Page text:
Journal of Paleolimnology

, Volume 51, Issue 3, pp 343–355 | Cite as

Sediments of Lake Vens (SW European Alps, France) record large-magnitude earthquake events

  • Jade Petersen
  • Bruno Wilhelm
  • Marie RevelEmail author
  • Yann Rolland
  • Christian Crouzet
  • Fabien Arnaud
  • Elodie Brisset
  • Eric Chaumillon
  • Olivier Magand
Original paper


We studied sediment cores from Lake Vens (2,327 m asl), in the Tinée Valley of the SW Alps, to test the paleoseismic archive potential of the lake sediments in this particularly earthquake-sensitive area. The historical earthquake catalogue shows that moderate to strong earthquakes, with intensities of IX–X, have impacted the Southern Alps during the last millennium. Sedimentological (X-ray images, grain size distribution) and geochemical (major elements and organic matter) analyses show that Lake Vens sediments consist of a terrigenous, silty material (minerals and organic matter) sourced from the watershed and diatom frustules. A combination of X-ray images, grain-size distribution, major elements and magnetic properties shows the presence of six homogenite-type deposits interbedded in the sedimentary background. These sedimentological features are ascribed to sediment reworking and grain sorting caused by earthquake-generated seiches. The presence of microfaults that cross-cut the sediment supports the hypothesis of seismic deposits in this system. A preliminary sediment chronology is provided by 210Pb measurement and AMS 14C ages. According to the chronology, the most recent homogenite events are attributable to damaging historic earthquakes in AD 1887 (Ligure) and 1564 (Roquebillière). Hence, the Lake Vens sediment recorded large-magnitude earthquakes in the region and permits a preliminary estimate of recurrence time for such events of ~400 years.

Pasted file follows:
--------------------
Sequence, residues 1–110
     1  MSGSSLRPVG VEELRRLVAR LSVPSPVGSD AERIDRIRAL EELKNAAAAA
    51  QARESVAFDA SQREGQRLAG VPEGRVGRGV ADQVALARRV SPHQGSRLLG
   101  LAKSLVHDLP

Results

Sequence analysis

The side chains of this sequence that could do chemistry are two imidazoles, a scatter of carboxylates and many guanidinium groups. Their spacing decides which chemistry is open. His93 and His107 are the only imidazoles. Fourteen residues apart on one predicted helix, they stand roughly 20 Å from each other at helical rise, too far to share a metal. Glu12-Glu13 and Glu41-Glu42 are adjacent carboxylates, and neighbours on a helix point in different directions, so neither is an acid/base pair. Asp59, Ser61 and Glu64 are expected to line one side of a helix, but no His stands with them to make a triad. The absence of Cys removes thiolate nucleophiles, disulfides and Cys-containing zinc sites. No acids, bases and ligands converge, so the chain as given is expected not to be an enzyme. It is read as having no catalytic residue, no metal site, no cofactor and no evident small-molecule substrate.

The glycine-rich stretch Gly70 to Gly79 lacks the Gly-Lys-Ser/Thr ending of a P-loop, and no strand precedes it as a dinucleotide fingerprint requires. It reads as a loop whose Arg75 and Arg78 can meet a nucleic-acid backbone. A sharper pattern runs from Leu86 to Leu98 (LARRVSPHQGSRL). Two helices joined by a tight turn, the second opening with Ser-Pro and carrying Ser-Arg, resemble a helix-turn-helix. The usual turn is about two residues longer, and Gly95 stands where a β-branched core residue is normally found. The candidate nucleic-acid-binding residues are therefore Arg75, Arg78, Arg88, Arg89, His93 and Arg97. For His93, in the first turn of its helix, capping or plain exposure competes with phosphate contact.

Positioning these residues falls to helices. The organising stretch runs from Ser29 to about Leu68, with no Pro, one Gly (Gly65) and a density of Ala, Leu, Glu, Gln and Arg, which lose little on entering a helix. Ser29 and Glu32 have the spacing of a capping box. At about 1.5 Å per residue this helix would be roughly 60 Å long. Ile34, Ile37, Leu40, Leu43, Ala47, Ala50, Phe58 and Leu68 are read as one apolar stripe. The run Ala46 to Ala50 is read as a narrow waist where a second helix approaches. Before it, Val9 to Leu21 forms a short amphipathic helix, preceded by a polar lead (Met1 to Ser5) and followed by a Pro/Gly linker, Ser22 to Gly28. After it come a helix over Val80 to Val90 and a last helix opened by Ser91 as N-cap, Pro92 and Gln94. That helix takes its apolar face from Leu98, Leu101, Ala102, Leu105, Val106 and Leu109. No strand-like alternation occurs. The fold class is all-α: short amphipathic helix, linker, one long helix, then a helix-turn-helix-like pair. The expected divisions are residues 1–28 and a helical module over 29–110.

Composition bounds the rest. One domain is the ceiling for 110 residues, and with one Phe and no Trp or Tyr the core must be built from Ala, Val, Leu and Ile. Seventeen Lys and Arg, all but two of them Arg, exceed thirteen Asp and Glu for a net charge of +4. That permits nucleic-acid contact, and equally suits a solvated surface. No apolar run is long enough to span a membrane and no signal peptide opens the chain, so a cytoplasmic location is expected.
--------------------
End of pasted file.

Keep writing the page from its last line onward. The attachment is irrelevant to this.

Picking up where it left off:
Homogenites Paleo-earthquakes Lake sediments High altitude SW European Alps 



This work was supported by a Geoazur BQR internal grant and University of Savoie’s AAP-2013-AGRASM2 Grant dedicated to AMS sedimentological applications. Gravity Coring was achieved with the support of the Edytem coring facility. We thank E. Malet and C. Pignol for their support of field logistics during the Dolce Vita campaign, and thank Isabelle Billy for the XRF core-scanner measurements. The authors also thank Nicolas Thouveny for providing access to facilities at the CEREGE paleomagnetic laboratory (Aix-Marseille University), R. Lemée for diatom pictures, J.L. Reiss for discussion of the chronology and J.R. Disnar for organic matter analyses. Thanks to an anonymous reviewer and to Maarten Van Daele for their constructive comments. All “SacA” 14C samples were measured in the Saclay LMC14 laboratory under the auspices of the national program “Artemis.” The authors thank J.P. Dumoulin and T. Goslar from Poznan Radiocarbon Laboratory for help with 14C sample analysis and interpretation.


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Copyright information

© Springer Science+Business Media Dordrecht 2013

Authors and Affiliations

  • Jade Petersen
    • 1
    • 2
  • Bruno Wilhelm
    • 1
  • Marie Revel
    • 1
    Email author
  • Yann Rolland
    • 1
  • Christian Crouzet
    • 3
  • Fabien Arnaud
    • 4
  • Elodie Brisset
    • 2
    • 5
  • Eric Chaumillon
    • 6
  • Olivier Magand
    • 7
  1. 1.CNRS, IRD, Observatoire de la Côte d’Azur, Géoazur UMR 7329Nice Sophia Antipolis UniversityValbonneFrance
  2. 2.CNRS, IRD, Collège de France, UM 34 CEREGEAix-Marseille UniversityAix-en-Provence cedex 04France
  3. 3.CNRSISTerre Université de SavoieLe Bourget du LacFrance
  4. 4.Laboratoire Environnement Dynamique et Territoire de Montagne, CNRSUniversité de SavoieLe Bourget du LacFrance
  5. 5.UMR 7263IMBEAix-en-Provence cedex 04France
  6. 6.UMR CNRS 7266 LIENSsUniversité de La RochelleLa RochelleFrance
  7. 7.LGGE, Laboratoire de Glaciologie et Géophysique de l’Environnement, CNRSUJF–Grenoble 1GrenobleFrance

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